The old saw, "write what you know," has a borrowed caveat. Do no harm. The imagination is fed by empathy, not enmity.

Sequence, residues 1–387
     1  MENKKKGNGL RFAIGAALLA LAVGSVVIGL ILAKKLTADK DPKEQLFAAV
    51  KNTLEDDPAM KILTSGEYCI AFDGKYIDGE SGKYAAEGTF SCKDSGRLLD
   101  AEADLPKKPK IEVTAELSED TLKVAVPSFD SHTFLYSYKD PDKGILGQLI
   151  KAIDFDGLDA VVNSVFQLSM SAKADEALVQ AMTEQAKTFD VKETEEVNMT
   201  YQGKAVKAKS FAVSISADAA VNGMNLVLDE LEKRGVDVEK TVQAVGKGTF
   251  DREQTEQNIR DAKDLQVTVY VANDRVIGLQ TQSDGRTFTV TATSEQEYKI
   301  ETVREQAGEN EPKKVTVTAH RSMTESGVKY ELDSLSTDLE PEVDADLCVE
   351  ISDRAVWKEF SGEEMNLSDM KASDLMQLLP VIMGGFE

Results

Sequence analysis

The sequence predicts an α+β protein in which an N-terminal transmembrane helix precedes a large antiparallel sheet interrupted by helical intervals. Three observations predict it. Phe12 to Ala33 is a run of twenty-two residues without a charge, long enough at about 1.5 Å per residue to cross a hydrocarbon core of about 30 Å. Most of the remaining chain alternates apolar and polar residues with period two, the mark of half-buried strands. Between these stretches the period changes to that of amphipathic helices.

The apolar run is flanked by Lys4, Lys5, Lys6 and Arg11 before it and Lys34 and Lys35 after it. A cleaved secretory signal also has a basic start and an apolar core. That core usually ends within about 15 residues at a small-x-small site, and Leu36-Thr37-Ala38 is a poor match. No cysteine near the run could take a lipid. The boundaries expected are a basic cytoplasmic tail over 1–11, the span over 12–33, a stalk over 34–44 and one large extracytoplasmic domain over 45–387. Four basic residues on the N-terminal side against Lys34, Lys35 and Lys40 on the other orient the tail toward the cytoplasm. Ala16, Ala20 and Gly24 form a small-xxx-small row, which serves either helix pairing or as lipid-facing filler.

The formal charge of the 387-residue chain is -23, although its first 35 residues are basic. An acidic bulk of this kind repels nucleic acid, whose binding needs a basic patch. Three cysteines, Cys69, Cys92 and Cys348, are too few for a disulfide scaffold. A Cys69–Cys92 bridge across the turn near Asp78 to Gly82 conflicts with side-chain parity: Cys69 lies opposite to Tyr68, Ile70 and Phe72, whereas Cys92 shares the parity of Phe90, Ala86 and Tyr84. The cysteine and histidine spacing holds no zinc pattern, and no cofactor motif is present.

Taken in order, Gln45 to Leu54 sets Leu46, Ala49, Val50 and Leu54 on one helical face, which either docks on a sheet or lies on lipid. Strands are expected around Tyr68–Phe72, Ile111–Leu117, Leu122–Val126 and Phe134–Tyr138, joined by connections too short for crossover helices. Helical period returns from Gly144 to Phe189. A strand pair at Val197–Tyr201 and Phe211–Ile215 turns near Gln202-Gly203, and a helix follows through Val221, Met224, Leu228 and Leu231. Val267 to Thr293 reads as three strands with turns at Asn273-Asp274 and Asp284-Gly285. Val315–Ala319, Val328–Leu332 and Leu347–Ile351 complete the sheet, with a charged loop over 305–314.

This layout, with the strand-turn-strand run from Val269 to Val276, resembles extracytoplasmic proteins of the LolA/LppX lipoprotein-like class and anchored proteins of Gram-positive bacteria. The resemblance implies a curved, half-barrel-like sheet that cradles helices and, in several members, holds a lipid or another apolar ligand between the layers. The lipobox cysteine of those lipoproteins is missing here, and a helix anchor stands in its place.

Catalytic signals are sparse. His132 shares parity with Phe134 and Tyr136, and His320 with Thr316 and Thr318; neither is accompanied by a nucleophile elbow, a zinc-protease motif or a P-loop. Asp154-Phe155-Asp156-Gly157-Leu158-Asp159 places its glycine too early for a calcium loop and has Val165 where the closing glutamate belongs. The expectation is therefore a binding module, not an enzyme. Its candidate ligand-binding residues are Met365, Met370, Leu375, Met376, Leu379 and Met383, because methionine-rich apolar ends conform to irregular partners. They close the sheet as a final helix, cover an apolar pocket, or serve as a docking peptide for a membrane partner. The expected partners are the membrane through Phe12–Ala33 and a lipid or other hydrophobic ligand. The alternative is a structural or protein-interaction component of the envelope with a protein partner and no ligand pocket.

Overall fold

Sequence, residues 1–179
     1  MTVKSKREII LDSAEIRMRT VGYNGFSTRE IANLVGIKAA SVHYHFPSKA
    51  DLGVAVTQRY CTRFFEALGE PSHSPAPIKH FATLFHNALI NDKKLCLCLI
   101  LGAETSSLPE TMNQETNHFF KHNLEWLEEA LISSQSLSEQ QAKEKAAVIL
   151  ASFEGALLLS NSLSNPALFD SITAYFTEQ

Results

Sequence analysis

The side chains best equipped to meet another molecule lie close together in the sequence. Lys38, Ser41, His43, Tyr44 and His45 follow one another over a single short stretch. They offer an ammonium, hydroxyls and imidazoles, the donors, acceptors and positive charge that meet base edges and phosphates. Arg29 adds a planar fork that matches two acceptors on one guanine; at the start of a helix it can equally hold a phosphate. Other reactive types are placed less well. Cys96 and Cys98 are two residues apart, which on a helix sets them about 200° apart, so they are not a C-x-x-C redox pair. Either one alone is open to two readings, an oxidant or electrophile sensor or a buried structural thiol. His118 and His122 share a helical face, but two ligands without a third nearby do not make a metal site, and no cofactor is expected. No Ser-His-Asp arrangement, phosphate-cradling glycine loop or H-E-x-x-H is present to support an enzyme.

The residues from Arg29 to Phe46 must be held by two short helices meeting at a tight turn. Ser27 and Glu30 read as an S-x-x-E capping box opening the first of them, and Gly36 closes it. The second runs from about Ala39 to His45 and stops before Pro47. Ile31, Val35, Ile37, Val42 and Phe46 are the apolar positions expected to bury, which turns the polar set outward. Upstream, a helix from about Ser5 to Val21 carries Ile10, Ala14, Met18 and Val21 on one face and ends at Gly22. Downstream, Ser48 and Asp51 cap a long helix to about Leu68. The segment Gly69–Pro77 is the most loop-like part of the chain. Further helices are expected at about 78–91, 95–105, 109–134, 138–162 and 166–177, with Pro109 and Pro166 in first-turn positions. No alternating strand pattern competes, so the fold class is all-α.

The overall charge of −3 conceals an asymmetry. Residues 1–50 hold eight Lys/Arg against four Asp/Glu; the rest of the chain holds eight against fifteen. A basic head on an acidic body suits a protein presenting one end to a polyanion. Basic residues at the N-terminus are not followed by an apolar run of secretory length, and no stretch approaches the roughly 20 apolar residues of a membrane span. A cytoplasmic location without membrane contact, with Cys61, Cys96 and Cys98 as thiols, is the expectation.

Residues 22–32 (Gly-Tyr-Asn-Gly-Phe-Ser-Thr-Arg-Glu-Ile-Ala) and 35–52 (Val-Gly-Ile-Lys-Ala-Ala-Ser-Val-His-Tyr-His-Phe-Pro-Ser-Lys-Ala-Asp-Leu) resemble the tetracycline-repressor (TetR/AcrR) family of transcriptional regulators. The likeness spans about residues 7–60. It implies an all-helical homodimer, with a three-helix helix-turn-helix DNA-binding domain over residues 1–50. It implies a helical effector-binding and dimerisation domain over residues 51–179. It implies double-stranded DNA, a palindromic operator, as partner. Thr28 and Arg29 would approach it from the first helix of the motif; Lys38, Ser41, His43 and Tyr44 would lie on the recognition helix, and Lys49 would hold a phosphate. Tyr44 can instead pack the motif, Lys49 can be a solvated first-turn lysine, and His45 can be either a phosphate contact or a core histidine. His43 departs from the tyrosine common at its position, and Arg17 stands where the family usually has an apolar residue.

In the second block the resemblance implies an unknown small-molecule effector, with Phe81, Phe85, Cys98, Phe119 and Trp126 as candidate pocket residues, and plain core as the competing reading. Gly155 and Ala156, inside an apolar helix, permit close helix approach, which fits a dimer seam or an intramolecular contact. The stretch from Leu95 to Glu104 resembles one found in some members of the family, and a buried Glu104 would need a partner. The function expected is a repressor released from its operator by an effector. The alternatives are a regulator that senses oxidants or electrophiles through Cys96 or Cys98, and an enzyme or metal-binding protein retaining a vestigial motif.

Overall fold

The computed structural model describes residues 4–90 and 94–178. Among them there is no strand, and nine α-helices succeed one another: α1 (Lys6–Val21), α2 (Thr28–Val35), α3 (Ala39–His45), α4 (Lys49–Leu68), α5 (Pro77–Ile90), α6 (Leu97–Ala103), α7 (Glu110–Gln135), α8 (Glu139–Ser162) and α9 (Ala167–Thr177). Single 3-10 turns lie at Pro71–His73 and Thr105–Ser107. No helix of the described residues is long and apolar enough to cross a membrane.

Sometimes people will joke with me, asking, '"when are you going to write about me?" The implication is that writers write about real people. We do. But most of us write about reconstituted real people. The genetic material of existing human beings is distilled into fictional human beings. Watching someone dance is real. What I write is a reflection of that observation, the essence of movement translated to the page. The way a woman dancing closes her eyes and sways to the beat, heedless of her partner's flailing around on the crowded dance floor. What I know about someone's painful experience is always going to be outside that experience, the wallflower's observation. To write about it is to climb into that person's skin and reveal information that can only be surmised. Remember that old television show, Naked City? The sonorous announcer's warning that the stories were true but the names had been changed to protect the innocent? Something like Law and Order with its stories "ripped from the headlines." To transpose someone's actual story, the hard facts and unflattering moments, into entertainment takes more than simply changing the name. Such things are the building blocks of a writer's structure, but those blocks must be, like a Rubik's Cube, twisted and turned so that it becomes fiction, observing the gentleman's agreement that fiction is, by definition, not true.